Tim saw a bag of sun flower seeds amongst our stuff and he asked for some.  I obliged.  Then, he started spitting seeds on the ground.  Can you believe it!?  Spitting seeds on the ground in the bathroom at Yankee Stadium!   I instantly had this bad feeling like we were going to get busted.  Of course, we did not.  But I guarantee I never would have had that feeling at any other ballpark.  I think the mere fact I had that concern speaks to the feel at Yankee Stadium.

 After putting on Tim’s shoes.  We hung out in the standing room area behind the second deck seats.  This was the view:

2a - bronx 3B second deck panaramic.jpgIt was a great spot.  I really enjoyed watching the game from this vantage point.  What would have made it better would be if they installed some standing counter space behind the last row of seats.  I didn’t see any standing counter space anywhere in the stadium at this game.  Installing some would make the standing room experience a lot better.

For a few minutes, we stood right next to a cop and an usher, and we didn’t get reprimanded when Tim started doing this:

9 - flying seed.jpg

[NOTE:  there is a seed that Tim just spit out floating in mid-air just to the left of Tim’s neck].

In fact, I think that female cop actually thought it was cute watching Tim spit seeds all over the relatively clean concourse floor.

The Orioles scored 6 runs in the top of the second!  Nolan Reimold and Brian Roberts both crushed homeruns.  Roberts’s bomb was actually a grand slam.  I didn’t get any shots of either of those guys hitting.  But here is a shot of the Yankees infield with one of the 6 Orioles to make his way around the base paths that inning:

10 - infield action.jpgWe only stood by the cop and usher for a few minutes because Tim decided that we should do some racing.  Then he started running all over the place:

11 - speed racer in the concourse.jpgI ran back and forth with him 2-3 times, then I just observed as he continued racing against himself.  In the picture to the right, that black line across the concourse floor (at his elbow level) was used both as Tim’s start line and his finish line.

 Finally, an Oriole who I thought was interesting enough to photograph came to the plate:

12 - markakis grounds to jeter.jpgOn this swing, Nick Markakis grounded out to Jeter.

Between innings, Tim wanted to explore a little more.  So we headed behing home plate toward the 1B line.  There is a section of suites or some high rent club right behind home plate, so you can’t see the field back there.  Instead, there is an interesting collection of floor-to-ceiling sized pictures of a bunch of Yankees:

13 - mvp artwork.jpg

My guess is that this includes everyone who has won an MVP award as a Yankee.  For example, I looked up Babe Ruth to confirm my suspicion and noted that he did, in fact, win the MVP in 1923.  (Interestingly, Ruth did not win the MVP in 1924 when he led the league in averge (.378), runs (143), homeruns (46), walks (142), on-base percentage (.513), slugging (.739), OPS (1.252), OPS+ (220), and total bases (391).  Instead, the award went to Walter Johnson who went 23-7 with a 2.72 ERA.  Personally, I am more impressed by Ruth’s performance in 1924.).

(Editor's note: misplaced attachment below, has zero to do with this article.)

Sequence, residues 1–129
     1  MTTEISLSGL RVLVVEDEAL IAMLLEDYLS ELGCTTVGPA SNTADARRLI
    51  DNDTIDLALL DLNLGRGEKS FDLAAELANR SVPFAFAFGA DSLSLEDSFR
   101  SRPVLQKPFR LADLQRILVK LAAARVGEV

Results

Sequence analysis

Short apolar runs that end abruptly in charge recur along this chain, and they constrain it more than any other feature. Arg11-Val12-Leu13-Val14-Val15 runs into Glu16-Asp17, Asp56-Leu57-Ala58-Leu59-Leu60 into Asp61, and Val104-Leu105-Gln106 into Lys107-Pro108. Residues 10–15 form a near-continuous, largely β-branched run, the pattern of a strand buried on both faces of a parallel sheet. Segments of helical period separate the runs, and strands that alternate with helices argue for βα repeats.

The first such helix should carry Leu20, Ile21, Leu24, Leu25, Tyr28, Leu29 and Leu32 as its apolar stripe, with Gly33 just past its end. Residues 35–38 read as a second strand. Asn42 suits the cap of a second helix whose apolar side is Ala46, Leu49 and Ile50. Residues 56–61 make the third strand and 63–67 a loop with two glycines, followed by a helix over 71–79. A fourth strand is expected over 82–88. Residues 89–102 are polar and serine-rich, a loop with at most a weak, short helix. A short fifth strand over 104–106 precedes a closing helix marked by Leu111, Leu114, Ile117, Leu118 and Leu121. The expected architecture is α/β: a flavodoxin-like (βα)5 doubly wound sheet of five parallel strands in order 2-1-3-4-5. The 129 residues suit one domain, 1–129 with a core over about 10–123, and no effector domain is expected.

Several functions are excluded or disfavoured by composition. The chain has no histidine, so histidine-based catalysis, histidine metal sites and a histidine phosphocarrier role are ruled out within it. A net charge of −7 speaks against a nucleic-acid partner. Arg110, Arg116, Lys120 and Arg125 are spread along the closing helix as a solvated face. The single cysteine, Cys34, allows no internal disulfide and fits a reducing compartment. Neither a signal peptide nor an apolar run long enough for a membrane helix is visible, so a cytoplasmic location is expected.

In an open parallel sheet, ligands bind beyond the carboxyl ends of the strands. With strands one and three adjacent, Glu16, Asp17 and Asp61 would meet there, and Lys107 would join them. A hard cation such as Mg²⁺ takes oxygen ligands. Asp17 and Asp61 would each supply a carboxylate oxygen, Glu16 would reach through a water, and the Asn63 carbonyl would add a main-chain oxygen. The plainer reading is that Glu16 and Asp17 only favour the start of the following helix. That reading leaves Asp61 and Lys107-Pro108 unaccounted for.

Note:  I view the old great Yankees much differently than I view the modern Yankees.  They seem like completely different creatures to me.  So, you’ll have to excuse me that I cut off Don Mattingly and Alex Rodrigues in these pictures.  They were the last two in the line.

In case you couldn’t tell, these pictures changed as you walked passed them.

After a short walk, we ended up on the 1B side with a very similar view of the field:

13a - bronx 1B second deck panaramic.jpgThis time, Jeter fouled a pitch straight back (below to left)…

14 - jeter fouls back lines to 2B.jpg…before lining out to second in the bottom of the third (above to right).

 We’d eaten nothing but snacks since breakfast.  So, we decided it was time to consume 1,410 calories of tasty, tasty, TASTY nachos.

15 - CF nacho madness.jpgMy wife and I have long been big time nacho lovers (check out McGillin’s when in Philadelphia).  So I have been very proud of Tim for selecting nachos at the ballpark several times lately.

With some help from me, Tim obliterated those nachos.  We bought them behind 1B, but headed out to CF and ate them from atop the Mohegan Sun View Obstructor…I mean Sports Bar.  Here was our view from up there:

15a - bronx CF panaramic.jpgWhile Tim chowed down on nachos, a guy standing nearby kept commenting, “That kid is gonna eat that whole thing of nachos!!!!”  Meanwhile, I chatted with two guys (who appeared to be twin brothers) from the University of Washington (Go Dawgs) who are on a trip around the northeast.

After the U-Dubbers headed off to their seats, I heard that same guy proclaim, “Oh my gosh, that kid ate all of those jalapenos!!!”

For the record, I ate the jalapenos.

Before flying out to right to begin the bottom of the third, I snapped this picture of A-Rod swinging at and missing a pitch outside: